sprite writes
broodings from the burrow

November 30, 2021

top ten bookish memories
posted by soe 1:21 am

Today’s Top Ten Tuesday topic from That Artsy Reader Girl is bookish memories. I don’t know if these are my top ten or just the first ten that came to me, but either way…

  1. My grandmother took The Secret Garden out of the library to see if it was the sort of book I might like if she gave it to me. The only problem is that I discovered it at her house, started reading, and then took it out of the library to finish. Luckily, it was a great gift, and I have reread it a number of times.
  2. My first grade teacher gave each of us a book for Christmas that year. Mine was The Littlest Angel.
  3. When I was very small, my dad left me in the basement of the library to run upstairs and pick out some items for himself. By the time he’d returned, I’d pulled about 100 picture books from the shelves for us to take home, including some that we owned.
  4. When the new town library was ready to reopen, a children’s librarian came to our school and read the first chapter of The Lion, the Witch, and the Wardrobe to us to tempt us into getting our own cards.
  5. In high school, I got the opportunity to be part of a group interview of Beverly Donofrio about her book Riding in Cars with Boys at our local library.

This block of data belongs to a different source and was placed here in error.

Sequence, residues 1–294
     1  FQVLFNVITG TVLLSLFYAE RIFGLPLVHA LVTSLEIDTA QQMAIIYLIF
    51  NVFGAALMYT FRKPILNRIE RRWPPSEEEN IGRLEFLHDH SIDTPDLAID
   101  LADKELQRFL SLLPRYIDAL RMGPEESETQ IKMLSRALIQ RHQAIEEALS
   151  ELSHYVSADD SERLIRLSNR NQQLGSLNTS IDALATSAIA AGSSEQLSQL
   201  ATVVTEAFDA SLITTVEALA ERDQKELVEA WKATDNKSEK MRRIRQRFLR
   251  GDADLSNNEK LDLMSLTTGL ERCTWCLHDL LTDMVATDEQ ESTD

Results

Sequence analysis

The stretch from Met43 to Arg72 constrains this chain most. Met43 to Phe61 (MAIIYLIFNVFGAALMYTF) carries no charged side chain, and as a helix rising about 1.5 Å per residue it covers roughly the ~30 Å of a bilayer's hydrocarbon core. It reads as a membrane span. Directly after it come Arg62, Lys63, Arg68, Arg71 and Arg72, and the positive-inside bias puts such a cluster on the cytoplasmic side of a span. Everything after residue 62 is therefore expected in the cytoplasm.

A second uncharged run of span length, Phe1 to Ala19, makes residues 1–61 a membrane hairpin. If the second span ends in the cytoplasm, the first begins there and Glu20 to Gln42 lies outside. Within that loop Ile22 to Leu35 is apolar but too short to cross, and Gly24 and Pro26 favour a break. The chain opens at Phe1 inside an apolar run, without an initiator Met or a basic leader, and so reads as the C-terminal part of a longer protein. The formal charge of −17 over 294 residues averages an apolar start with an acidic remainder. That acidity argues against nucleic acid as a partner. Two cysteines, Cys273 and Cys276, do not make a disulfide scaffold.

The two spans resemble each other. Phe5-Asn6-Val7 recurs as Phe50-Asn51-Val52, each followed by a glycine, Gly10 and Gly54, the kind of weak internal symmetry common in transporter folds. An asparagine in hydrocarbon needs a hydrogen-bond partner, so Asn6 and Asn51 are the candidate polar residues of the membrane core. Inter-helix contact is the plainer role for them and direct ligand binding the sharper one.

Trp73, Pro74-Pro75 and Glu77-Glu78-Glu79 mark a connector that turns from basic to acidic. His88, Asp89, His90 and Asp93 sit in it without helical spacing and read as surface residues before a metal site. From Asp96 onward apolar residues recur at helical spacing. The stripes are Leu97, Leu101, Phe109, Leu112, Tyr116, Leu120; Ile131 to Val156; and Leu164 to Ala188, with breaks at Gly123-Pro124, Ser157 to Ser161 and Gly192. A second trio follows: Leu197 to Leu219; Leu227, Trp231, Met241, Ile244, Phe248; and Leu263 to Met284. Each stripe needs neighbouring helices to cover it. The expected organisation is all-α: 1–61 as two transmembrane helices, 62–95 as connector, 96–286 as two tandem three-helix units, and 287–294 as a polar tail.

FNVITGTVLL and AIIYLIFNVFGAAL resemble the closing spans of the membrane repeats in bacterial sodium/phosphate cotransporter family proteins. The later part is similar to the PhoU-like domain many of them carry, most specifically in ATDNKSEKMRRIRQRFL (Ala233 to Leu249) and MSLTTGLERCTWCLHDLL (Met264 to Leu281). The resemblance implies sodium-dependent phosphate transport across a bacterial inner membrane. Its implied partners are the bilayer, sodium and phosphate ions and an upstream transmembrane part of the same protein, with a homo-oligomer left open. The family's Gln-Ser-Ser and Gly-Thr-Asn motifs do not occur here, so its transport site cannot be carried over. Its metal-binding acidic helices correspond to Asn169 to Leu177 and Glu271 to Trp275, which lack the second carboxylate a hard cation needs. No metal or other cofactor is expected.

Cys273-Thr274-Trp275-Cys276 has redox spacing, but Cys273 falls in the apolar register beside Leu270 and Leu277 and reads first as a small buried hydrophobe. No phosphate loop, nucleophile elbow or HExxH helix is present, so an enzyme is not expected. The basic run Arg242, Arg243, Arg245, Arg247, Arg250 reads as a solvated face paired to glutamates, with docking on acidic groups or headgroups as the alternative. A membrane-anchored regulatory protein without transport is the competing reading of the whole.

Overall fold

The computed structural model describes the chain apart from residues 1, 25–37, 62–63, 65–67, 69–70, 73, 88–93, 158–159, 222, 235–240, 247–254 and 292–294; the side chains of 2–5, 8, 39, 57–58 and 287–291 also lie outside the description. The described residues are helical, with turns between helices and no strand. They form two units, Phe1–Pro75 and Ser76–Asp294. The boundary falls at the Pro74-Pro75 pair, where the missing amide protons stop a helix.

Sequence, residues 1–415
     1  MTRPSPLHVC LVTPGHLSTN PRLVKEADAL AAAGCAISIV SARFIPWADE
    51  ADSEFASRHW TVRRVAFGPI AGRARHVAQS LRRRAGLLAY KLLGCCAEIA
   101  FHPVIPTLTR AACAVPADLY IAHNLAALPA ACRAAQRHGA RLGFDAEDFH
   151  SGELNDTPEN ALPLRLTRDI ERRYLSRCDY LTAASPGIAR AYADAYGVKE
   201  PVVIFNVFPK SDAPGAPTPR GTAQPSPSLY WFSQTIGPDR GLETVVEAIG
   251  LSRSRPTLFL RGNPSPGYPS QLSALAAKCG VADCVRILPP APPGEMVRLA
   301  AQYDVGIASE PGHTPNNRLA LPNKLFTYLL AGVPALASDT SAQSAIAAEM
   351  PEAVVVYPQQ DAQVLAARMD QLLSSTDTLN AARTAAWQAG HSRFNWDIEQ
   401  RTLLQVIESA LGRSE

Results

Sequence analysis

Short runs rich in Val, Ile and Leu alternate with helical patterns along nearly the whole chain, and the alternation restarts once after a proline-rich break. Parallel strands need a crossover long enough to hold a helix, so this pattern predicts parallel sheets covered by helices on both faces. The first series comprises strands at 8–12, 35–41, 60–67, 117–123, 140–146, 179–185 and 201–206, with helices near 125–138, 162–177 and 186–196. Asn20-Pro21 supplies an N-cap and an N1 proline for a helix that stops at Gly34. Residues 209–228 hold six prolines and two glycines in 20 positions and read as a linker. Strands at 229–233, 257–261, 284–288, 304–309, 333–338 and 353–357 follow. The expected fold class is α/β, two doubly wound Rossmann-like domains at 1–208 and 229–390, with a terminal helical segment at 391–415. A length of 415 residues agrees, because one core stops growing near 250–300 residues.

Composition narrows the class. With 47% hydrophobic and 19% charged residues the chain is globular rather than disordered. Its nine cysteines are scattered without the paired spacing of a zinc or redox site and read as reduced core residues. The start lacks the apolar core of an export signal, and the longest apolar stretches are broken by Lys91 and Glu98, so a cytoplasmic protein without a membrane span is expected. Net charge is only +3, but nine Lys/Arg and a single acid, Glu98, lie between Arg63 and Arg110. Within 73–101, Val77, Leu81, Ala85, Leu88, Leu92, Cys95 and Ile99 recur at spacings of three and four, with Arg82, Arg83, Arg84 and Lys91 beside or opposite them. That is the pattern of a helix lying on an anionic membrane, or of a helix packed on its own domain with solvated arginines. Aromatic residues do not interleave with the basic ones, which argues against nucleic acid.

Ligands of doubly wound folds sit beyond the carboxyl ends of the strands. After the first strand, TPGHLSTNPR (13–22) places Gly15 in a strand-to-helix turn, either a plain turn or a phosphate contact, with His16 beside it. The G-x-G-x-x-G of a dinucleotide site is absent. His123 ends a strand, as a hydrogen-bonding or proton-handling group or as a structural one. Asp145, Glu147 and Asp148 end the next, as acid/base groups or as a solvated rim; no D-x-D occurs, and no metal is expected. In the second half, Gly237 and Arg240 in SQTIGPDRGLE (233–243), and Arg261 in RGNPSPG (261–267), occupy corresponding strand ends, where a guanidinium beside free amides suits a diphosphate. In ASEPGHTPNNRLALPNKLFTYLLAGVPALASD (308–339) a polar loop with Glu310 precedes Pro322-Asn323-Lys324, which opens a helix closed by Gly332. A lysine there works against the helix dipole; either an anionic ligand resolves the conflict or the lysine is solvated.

6. Nearly a decade ago, I was a Cybils Award judge. It remains one of the coolest things I’ve done, but was such hard work.
  7. My parents used to periodically drag us to Whitlock’s Book Barn, a used bookshop, when we were kids. Rudi and I would return willingly many times as young adults.
  8. Eliot Schrefer recognized me when I attended his book signing a few years ago. I loved his first y.a. book, Endangered, and had talked it up on the blog. I was carrying a knitting bag with my blog name on it and he noticed it.
  9. We attended midnight release parties for the final three Harry Potter novels. The first was at Kramerbooks, which was really less of a party and more of a line since they used to be open pretty much 24 hours a day on weekends back then. We walked home and immediately started reading. The second was at Olsen’s in Bethesda, and we read on the train home. The final was at Politics and Prose, and I dressed up as Professor McGonagall. There were hundreds of attendees, and eventually they had us line up out in the parking lot for our copies.
  10. At the very first ALA Convention that I worked, my table was in the very last aisle. It soon became very clear to those of us shunted out to this territory that this was a ridiculously low-traffic area. The guy across the aisle from me was selling the first collection of his web comic set in a public library (Unshelved), and I was trying to give away health books, but we were both working every person who came down the row. After a couple hours, we could give each other’s spiel and were sending anyone we managed to snag across the way to the other’s booth. I don’t remember if we went out after that meeting or if we just caught up at future meetings, but Bill (and his co-author, “Gene”) was often kind enough to invite me to join in the cool graphic novels group at the library conventions. (Writers and editors of health books do not travel in cool packs.)

Hey, bookish readers, would you be interested in taking part in the Virtual Advent Tour that I run? Holiday book reviews are welcome, as are other topics! Details and signups are here.

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